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Reconciling differential forms' inner product of wedge with geometric algebra dot

  1. Mar 26, 2008 #1
    My differential forms book (Flanders/Dover) defines an inner product on wedge products for vectors that have a defined inner product, and uses that to define the hodge dual. That wedge inner product definition was a determinant of inner products.
    I don't actually have that book on me right now, but believe it was like so:

    \langle (a_1 \wedge \cdots \wedge a_k), (b_1 \wedge \cdots \wedge b_k) \rangle
    = \lvert \langle a_i, b_j \rangle \rvert
    (edit to correct small typo above).

    This is a slightly awkward definition since you have to have the wedge explicitly specified in terms of factors to calculate, and it only works for like grades, and requires that the two wedge product elements be simple (ie: both sides must be blades, not neccessarily sum of multivectors of same grade). In it's favour it doesn't assume an euclianian metric like GA.

    Anyways, ... I was trying to reconcile this with the GA definition. For the GA generalized dot product (lowest grade selector of a multivector product), I believe the equivalent explicit expansion in terms of determinant would be:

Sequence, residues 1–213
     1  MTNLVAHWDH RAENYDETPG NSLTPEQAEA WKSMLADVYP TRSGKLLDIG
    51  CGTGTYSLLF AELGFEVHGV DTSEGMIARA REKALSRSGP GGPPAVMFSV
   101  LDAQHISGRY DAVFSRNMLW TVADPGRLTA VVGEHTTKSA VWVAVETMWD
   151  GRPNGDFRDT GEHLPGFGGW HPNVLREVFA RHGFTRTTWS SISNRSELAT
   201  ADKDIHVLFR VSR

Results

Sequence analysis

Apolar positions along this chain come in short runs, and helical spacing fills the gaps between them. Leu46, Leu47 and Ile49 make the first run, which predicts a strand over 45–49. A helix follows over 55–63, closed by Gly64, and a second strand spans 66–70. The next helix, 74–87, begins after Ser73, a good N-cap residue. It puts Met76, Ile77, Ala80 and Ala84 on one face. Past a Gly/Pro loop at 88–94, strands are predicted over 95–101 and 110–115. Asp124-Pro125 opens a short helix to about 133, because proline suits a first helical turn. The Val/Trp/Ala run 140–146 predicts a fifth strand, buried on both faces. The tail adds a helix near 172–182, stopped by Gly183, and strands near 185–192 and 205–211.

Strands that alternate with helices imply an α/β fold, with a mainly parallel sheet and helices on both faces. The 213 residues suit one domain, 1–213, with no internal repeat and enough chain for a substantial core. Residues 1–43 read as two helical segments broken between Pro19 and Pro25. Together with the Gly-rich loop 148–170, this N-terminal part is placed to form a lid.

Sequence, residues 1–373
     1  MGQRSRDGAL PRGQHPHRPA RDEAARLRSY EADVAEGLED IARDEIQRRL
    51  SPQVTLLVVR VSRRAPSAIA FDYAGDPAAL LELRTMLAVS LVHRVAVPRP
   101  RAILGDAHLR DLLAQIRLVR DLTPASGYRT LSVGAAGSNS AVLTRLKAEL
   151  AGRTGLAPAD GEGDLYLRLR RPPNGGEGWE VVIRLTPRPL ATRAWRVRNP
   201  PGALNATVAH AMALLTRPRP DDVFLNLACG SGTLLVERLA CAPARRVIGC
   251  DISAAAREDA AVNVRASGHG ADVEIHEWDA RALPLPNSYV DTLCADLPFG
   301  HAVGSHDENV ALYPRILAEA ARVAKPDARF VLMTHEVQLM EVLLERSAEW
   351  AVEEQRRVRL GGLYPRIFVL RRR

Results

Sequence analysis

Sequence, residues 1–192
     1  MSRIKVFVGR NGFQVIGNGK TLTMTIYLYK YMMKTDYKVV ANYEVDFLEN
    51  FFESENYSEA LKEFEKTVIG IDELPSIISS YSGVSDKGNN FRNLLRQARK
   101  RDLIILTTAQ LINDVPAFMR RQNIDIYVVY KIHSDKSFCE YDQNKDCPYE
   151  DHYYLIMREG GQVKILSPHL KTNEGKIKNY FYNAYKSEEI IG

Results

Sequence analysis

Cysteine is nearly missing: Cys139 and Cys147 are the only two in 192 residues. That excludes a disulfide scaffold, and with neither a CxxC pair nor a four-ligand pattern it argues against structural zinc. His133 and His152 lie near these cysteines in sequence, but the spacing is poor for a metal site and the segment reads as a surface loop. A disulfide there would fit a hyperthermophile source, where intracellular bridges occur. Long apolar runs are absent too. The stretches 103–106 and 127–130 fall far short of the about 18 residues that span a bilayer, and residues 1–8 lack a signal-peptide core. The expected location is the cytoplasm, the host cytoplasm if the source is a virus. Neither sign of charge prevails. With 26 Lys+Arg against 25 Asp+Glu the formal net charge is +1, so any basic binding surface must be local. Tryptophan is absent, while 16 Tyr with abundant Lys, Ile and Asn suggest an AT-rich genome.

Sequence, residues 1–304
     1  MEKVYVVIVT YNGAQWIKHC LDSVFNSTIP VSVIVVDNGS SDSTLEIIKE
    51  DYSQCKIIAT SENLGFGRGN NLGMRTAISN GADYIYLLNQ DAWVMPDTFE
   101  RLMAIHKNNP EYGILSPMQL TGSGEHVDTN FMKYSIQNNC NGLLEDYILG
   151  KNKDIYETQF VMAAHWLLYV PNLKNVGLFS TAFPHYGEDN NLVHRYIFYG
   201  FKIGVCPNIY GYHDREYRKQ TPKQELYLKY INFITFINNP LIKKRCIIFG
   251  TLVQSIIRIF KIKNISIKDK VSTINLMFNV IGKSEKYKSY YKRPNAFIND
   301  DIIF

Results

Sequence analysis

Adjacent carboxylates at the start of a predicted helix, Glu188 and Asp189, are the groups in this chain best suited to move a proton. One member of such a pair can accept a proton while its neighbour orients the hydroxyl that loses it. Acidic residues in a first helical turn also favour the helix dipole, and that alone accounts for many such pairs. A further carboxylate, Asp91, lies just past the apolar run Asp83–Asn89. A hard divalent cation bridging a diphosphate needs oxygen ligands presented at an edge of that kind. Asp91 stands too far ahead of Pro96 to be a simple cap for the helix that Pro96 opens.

(a_1 \wedge \cdots \wedge a_k) \cdot (b_1 \wedge \cdots \wedge b_k) =
    (-1)^{k(k-1)/2}\lvert a_i \cdot b_j \rvert

    I got this by repeated expansion of

    (a_1 \wedge \cdots \wedge a_k) \cdot (b_1 \wedge \cdots \wedge b_k)
    a_1 \cdot (a_2 \cdot ( \cdots ( a_k \cdot (b_1 \wedge \cdots \wedge b_k))))

    To be honest I found that I had to make a ``compensating error'' to adjust the sign to what I expected it to be (ie: to agree with manually explicit expansion for k=1,2,3,4). I don't see what my error is offhand, but was wondering if anybody had seen a determinant expansion of the GA dot product of like grade blades like this in any text to compare with.
    Last edited: Mar 26, 2008
  2. jcsd
  3. Mar 26, 2008 #2


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    I think this would be more approriate under "Tensor Analysis and Differential Geometry" and would probably get better answers there.

    I moving it there.
  4. Mar 26, 2008 #3
    all right. I thought of posting the question there, but the wedge product has it's own applications independent of the differential forms subject where it is typically found (example: solution of linear systems) and there wasn't really anything "differential" in my question, so I chose the algebra forum;)
  5. Mar 27, 2008 #4
    In "GA for Computer Science" by Dorst et al., the scalar product is defined
    in terms of a determinant:
    A*B := \left|\begin{array}{cccc}
    a_1\cdot b_k & a_1\cdot b_{k-1} & \ldots & a_1\cdot b_1 \\
    a_2\cdot b_k & a_2\cdot b_{k-1} & \ldots & a_2\cdot b_1 \\
    \vdots & \vdots & \vdots & \vdots \\
    a_k\cdot b_k & a_k\cdot b_{k-1} & \ldots & a_k\cdot b_1 \\
  6. Mar 27, 2008 #5